Online events w) Chomsky, Loretta Ross, Park Cannon, Jason Moore, Robin D.G. Kelley, etc.

Upcoming Online Events:

Mon, 10/31, 11 am — Taking Power: Reading Blanqui after Lenin and Martov — The Centre for the Study of Social and Global Justice (CSSGJ) is very pleased to be welcoming Professor Peter Hallward from Kingston University — Professor Hallward’s online talk will be given in English and is titled “Taking Power: Reading Blanqui after Lenin and Martov” — This online talk will be held live on Zoom and all who register to attend the event in advance will be able to access the talk using Zoom through your eventbrite ticket registration. Zoom details will be sent to your email two hours prior to the event itself starting — The event will consist of an approximately 40-minute talk, followed by a 40-minute Q&A:

Mon, 10/31, 1 pm — Understanding Marxism with Richard Wolff — This 4-Week seminar led by Richard Wolff, meeting on Mondays, will begin with a brief introduction and history of Marxism from Karl Marx through today. We will cover major events such as the Paris Commune of 1870, the Russian, Chinese, and Cuban revolutions and the post-1989 evolution of Marxism. We will discuss major contributions to Marxism from activist writers after Marx: Luxemburg, Lenin, Trotsky, Lukcas, Gramsci, Frankfurt School, Althusser, Mao. Marx’s labor theory of value, theory of surplus value, and theory of crisis-ridden capitalist development will be covered. Finally, we will explore what Marxism has to offer to understand capitalism today and to go beyond it to a different, better system:

Tue, 11/1, 10 am — Debate: Is America a Force for Good in the World? — Join us on Tuesday November 1 as Shadi Hamid and Samuel Moyn go head to head on whether American power is a force for good — The United States of America has been the world’s foremost economic and military power, in the aftermath of World War II President Truman set out his Four Point Plan which stated that the U.S must uphold its unique responsibility to promote democracy and economic development around the world — Many in the world see the influence of the United States as a force for good. It applies pressure on authoritarian regimes such as Iran to abide by human rights, and it supports nations such as Ukraine defending themselves against imperial aggression. But others argue that the Afghanistan and Iraq interventions show that American exceptionalism and the attempt to play the world’s policeman have wreaked irrevocable havoc which the rest of the world is still paying a price for today. So who’s right? Join us on Tuesday November 1 as foreign policy experts Shadi Hamid and Samuel Moyn go head to head on whether American power is a force for good:

Tue, 11/1, 11 am — TEDxGlasgow Virtual Gathering: The Future We Choose — As we approach COP27 join us for a Virtual Gathering as we explore ‘The Future We Choose’, looking at future climate action opportunities — It’s almost 12 months since COP26, when the world’s leaders pledged to limit global warming to 1.5C — As we approach COP27, join us for our Virtual Gathering as we explore ‘The Future We Choose’, supported by Scotland’s Year of Stories 2022, a year in which stories inspired by and created in Scotland are showcased and celebrated — Together our experts shown below and our global digital audience, will look at the climate opportunities that are required, in order to shape the future of our society. We want to address climate change and actions, the energy crisis, striking a health and well-being balance, and responsible consumption / production practices throughout the year of ‘The Future We Choose’ — Our event will be live digitally and broadcast globally from 6pm-7.30pm on the 1st of November. Secure your spot now by grabbing your free ticket and we’ll see you there! — With Jo Chidley, a circular economy expert; Professor George Crooks, the Chief Executive of the Digital Health & Care Innovation Centre; Prof. Kimberly Nicholas, a sustainability scientist at Lund University in Sweden; and Susie Cormack Bruce, one of Scotland’s most trusted commentators and hosts — For more biographical info on the presenters, please see:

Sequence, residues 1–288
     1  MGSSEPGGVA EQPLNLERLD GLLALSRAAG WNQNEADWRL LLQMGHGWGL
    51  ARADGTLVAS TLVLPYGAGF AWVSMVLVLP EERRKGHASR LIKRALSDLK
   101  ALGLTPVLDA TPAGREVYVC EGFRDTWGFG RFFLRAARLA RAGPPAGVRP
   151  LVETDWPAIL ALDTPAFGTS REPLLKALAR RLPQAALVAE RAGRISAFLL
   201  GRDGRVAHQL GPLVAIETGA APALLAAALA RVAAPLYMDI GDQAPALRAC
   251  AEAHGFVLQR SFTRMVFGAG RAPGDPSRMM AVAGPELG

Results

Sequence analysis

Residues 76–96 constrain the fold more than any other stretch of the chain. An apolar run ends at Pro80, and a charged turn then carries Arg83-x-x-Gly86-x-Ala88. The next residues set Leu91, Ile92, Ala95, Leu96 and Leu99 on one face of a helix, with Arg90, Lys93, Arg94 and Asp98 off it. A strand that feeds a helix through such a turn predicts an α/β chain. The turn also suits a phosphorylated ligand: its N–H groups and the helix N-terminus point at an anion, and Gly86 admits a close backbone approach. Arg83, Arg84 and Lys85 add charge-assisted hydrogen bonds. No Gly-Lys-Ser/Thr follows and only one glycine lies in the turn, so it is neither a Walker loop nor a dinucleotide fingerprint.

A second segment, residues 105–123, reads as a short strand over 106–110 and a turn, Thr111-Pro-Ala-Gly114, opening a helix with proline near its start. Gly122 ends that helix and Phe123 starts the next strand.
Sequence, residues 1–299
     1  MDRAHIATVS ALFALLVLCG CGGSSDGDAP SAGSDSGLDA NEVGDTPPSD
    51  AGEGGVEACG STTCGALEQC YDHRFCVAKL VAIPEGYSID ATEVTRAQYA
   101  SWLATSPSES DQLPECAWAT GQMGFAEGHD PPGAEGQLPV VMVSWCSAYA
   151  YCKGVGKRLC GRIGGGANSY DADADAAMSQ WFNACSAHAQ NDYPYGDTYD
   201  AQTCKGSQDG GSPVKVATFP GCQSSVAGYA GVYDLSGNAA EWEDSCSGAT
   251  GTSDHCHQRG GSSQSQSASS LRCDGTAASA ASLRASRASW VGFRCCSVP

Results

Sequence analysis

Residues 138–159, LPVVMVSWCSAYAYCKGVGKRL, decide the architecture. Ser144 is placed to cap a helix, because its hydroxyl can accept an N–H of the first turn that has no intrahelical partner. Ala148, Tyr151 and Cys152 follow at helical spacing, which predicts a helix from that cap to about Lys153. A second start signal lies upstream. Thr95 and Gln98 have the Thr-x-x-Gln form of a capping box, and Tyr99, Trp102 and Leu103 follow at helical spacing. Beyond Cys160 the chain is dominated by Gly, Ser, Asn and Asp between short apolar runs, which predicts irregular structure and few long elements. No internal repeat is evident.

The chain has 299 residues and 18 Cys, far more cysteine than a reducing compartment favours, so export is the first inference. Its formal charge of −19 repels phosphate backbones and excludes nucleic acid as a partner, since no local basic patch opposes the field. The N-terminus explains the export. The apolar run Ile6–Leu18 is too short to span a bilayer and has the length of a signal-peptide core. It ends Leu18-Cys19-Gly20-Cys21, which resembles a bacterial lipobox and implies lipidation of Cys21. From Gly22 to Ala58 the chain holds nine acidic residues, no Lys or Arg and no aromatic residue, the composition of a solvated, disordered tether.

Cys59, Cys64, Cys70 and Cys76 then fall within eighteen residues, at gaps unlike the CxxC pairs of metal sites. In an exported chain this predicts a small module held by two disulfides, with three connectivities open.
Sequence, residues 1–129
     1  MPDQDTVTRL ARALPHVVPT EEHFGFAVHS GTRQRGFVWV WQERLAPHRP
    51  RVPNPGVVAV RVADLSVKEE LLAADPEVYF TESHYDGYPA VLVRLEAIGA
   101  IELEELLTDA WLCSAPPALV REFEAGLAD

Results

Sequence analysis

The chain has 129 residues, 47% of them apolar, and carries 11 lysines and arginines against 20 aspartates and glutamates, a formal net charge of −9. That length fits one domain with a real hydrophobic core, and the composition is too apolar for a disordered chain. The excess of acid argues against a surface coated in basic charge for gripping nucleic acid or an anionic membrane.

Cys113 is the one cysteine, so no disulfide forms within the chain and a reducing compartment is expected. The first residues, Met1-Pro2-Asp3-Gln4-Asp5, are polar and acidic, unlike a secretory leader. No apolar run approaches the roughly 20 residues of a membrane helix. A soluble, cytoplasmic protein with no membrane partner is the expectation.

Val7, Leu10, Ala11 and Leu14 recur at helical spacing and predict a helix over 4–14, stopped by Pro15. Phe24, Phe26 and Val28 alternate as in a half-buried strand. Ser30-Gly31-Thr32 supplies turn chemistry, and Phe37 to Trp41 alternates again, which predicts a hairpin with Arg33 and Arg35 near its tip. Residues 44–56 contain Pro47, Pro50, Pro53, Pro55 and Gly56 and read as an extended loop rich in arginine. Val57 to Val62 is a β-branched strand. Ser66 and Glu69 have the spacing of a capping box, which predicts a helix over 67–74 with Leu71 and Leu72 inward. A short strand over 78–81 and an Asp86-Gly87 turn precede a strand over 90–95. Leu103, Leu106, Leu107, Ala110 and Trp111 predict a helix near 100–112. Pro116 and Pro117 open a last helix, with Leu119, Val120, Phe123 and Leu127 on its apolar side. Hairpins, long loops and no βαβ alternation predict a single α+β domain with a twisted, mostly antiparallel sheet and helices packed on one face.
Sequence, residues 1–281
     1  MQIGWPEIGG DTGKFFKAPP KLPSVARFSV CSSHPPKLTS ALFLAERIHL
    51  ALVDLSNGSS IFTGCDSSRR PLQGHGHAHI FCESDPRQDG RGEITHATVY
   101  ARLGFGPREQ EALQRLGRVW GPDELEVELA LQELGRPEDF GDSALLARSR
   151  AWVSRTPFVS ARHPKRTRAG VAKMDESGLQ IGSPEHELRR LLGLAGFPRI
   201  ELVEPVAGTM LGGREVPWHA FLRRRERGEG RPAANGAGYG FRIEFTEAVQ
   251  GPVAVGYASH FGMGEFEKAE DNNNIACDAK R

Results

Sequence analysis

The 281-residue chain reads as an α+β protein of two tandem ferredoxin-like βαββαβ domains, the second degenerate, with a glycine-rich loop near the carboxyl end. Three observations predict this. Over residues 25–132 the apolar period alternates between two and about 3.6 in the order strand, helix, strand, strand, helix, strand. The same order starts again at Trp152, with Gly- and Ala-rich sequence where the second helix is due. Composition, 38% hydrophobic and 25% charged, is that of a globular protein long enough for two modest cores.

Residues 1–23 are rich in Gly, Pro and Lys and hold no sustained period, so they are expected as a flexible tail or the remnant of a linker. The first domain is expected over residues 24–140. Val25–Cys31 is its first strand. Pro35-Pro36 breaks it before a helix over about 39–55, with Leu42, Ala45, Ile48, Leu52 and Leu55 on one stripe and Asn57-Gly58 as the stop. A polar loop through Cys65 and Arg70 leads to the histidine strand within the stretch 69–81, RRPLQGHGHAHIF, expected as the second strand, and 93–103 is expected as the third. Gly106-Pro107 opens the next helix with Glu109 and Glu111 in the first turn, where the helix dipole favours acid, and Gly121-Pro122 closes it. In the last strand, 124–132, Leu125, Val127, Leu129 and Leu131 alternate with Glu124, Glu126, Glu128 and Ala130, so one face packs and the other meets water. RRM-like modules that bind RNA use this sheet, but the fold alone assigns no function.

Tue, 11/1, 11:30 am — Positive Tipping Points in Practice: Social Movements What are the positive tipping points for social movements in response to the climate crisis? How can we create and trigger them? — Social movements are a vital part of a fair and regenerative response to the climate crisis, but they can be hard to measure, understand and replicate — The Transition movement has been growing since 2005, and is a fascinating example of a successful social movement. It has spread to thousands of groups in towns, villages, cities, universities, and schools in over 48 countries around the world — But why has this social movement worked? What can others learn from the Transition movement? How can we better understand the potential for social movements to tip us into new systems?- – Join this free workshop to find out, and hear the latest research into Positive Tipping Points, from world-leading experts. We will collectively practice using the Positive Tipping Points framework – creating the right conditions for change, finding reinforcing feedback loops, and triggering a shift into a new system – before identifying key next steps for anyone involved in social movements — The Positive Tipping Points framework is a way to re-think our understanding of how change happens. We’re familiar with negative tipping points that can accelerate the crisis, such as glacier melt or biodiversity loss, but we are also able to predict and encourage positive shifts which will help us avoid the worst impacts — Organized by the Green Futures Network of the University of Exeter: